In order to bridge the gap between an employer’s needs and your own, try putting yourself in their shoes, and you’ll get a huge perspective shift. I recently sat in on a group discussion about the needs of a small advertising agency regarding client relationships and talent acquisition for the firm, and found the concerns surprisingly similar.
The employer’s reality
Like most job seekers, the challenge of any small business owner is to juggle the requirements of the here and now, the next three months and the next three years simultaneously. To that end the most immediate need is always to get as much bang for the buck as possible when making plans and forecasting. For example, the typical length of projects is three to four months which keeps the workflow progressing a quarter at a time. Whenever a client is acquired there is uncompensated time spent project costing, estimating, making proposals and discovering the client’s needs. Along the way the agency spends time educating clients and learning how sophisticated they are in understanding business requirements. In this scenario a crucial role is the business developer; someone who is very market savvy, who can triage opportunities as they present themselves and win new business in a low cost way.
After the client relationship has been established, how can the firm stay engaged? Can the firm be a hero for their client in down times? Can the firm remain valuable in a non-pesky way? These are questions every marketer and business developer must ask themselves to ensure long-term success.
Small vs. big
When seeking employment at a small business, it is also important to recognize the difference in scale between a small company, less than 20 employees, and a large, global player such as the Software Giant in Redmond. The addition of just one full-time employee is massively consequential to a small company. It could mean a 10% increase in staff, whereas one more employee in a firm with tens of thousands is not as intensely felt. That is why small firms must count on multi-talented people to perform well in many roles.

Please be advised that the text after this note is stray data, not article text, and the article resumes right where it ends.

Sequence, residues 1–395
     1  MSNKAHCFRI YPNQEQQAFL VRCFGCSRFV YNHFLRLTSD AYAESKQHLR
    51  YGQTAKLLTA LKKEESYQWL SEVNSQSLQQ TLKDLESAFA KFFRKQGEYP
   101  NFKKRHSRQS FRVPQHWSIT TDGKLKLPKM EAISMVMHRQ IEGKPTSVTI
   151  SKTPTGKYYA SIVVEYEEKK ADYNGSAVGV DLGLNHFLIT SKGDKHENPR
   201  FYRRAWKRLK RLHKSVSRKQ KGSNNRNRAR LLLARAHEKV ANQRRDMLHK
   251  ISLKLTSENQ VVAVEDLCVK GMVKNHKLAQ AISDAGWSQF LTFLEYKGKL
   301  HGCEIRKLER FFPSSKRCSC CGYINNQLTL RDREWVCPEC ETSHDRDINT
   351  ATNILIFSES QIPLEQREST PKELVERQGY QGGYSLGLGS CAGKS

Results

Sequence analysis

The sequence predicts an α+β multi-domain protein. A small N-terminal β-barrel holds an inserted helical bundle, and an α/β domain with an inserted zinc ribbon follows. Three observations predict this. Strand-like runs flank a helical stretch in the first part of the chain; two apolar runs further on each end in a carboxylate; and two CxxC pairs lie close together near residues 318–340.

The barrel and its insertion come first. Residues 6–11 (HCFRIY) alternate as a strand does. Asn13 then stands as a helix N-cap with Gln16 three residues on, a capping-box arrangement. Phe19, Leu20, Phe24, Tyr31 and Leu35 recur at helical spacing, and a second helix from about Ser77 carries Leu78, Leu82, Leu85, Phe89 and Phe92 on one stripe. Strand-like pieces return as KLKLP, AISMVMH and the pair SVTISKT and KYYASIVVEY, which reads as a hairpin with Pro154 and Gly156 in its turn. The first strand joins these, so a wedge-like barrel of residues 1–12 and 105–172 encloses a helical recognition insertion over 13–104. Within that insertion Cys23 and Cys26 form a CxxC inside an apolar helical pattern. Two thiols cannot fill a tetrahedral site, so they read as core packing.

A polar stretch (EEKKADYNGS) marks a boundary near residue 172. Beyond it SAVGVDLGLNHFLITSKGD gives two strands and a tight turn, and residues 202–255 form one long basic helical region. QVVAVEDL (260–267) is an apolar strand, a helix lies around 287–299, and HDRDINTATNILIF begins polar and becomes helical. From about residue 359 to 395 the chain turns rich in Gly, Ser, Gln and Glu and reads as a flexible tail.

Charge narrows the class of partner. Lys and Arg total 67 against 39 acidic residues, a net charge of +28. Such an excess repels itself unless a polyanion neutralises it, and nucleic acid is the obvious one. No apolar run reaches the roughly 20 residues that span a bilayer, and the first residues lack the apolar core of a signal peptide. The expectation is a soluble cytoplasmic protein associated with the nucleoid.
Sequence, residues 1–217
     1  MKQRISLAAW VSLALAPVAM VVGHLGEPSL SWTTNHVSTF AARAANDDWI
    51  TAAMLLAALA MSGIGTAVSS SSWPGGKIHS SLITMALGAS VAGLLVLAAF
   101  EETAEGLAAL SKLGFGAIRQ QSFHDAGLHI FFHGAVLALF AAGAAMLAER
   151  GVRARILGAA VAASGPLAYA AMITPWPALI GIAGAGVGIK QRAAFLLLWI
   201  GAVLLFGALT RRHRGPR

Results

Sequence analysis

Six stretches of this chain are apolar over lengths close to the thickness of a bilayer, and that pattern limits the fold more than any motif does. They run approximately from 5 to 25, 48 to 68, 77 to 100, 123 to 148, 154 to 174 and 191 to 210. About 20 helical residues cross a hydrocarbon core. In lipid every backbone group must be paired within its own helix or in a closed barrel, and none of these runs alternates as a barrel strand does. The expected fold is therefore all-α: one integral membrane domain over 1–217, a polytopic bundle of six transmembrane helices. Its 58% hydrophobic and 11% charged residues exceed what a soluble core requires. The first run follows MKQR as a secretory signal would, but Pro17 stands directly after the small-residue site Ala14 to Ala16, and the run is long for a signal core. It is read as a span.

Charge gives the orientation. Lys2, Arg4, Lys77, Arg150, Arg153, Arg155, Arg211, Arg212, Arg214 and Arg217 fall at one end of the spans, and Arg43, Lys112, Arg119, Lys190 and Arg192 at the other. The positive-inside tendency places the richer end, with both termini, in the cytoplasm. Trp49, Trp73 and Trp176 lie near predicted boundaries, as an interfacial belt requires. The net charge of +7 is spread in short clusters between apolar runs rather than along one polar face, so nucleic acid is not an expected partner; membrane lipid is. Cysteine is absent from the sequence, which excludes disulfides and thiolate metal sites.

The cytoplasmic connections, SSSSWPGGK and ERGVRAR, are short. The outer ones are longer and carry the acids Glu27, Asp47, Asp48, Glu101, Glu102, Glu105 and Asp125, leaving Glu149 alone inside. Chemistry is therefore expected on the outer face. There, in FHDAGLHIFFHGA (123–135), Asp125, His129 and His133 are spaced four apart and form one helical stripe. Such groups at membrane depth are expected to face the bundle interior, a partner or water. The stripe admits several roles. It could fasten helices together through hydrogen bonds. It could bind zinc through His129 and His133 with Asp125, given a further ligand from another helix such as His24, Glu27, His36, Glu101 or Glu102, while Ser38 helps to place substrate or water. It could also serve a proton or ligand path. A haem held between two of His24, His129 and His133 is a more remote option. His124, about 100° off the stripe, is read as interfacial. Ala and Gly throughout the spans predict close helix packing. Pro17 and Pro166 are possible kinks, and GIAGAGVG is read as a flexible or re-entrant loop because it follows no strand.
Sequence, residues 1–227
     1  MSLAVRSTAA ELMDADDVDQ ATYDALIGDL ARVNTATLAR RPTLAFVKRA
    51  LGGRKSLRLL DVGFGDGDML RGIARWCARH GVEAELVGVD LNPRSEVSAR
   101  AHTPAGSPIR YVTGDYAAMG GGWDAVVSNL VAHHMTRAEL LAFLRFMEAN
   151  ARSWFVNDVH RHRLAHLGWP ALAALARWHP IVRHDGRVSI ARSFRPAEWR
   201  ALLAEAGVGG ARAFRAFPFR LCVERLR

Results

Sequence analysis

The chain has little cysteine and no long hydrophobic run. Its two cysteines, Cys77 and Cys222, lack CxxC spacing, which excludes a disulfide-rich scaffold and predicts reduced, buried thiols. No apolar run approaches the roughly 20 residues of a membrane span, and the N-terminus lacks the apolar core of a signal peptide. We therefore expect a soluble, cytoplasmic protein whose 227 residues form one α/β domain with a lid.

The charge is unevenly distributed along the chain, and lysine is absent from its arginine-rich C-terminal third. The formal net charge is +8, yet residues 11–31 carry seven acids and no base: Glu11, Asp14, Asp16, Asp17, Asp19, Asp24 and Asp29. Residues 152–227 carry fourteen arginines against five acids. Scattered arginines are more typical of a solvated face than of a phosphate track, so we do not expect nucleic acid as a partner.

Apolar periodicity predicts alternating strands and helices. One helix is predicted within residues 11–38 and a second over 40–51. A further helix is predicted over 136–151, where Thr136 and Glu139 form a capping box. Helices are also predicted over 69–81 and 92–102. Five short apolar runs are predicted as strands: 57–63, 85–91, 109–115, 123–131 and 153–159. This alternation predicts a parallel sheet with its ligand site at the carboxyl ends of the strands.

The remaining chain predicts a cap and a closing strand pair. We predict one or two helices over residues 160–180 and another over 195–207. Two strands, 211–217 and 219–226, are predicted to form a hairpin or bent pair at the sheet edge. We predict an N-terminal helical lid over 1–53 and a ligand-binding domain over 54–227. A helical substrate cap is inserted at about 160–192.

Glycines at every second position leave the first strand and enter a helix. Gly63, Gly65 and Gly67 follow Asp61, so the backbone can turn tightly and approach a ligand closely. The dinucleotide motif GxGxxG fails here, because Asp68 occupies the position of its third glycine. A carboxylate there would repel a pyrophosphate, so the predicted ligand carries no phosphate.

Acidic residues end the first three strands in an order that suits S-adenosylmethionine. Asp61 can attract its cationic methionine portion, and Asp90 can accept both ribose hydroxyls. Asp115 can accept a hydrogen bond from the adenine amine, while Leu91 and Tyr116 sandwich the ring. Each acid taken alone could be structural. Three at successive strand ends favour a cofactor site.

Employee: Point of entry
Like a small business, you need to be fully prepared to present yourself and your accomplishments in a portfolio. Approach everything you do as if you are engaged in a perpetual selling job. You must be able to describe your achievements and make a case for yourself. Your methodology is straightforward: Condense and compel.
You can shed a favorable light on yourself in other, less obvious ways as well. Are you a student of culture? Do you stay current not only within your field, but with influences on the economy and society at large?
On another level, can your future employer imagine you in front of a client? Do you inspire confidence when having to speak persuasively? By asking yourself the same questions that the employer will be asking you’ll be tapping into a well of intangible benefits that complement your primary skills.
Your value multiplies when you can show acumen in areas of sourcing and negotiation. Can you find resources at the right price? This brings up another perennial quandary for small business owners: What do you keep in-house and what will you outsource?
If your efforts at selling your expertise are successful, are you also a successful time-juggler? Many smaller scale companies want to have resources they can call upon at a moment’s notice. Can you be that resource for them if you remain freelance? If it is true that one third of the U.S. workforce will be working on a freelance basis in the near future, does this advantage appeal to you? If so, you’ll need to have a sense of your time agility and limitations.
The scope of these priorities within the small business community presents a huge network of roles in which to find common ground. Aligning yourself with the employer’s point of view may just give you the edge in how you approach your next opportunity.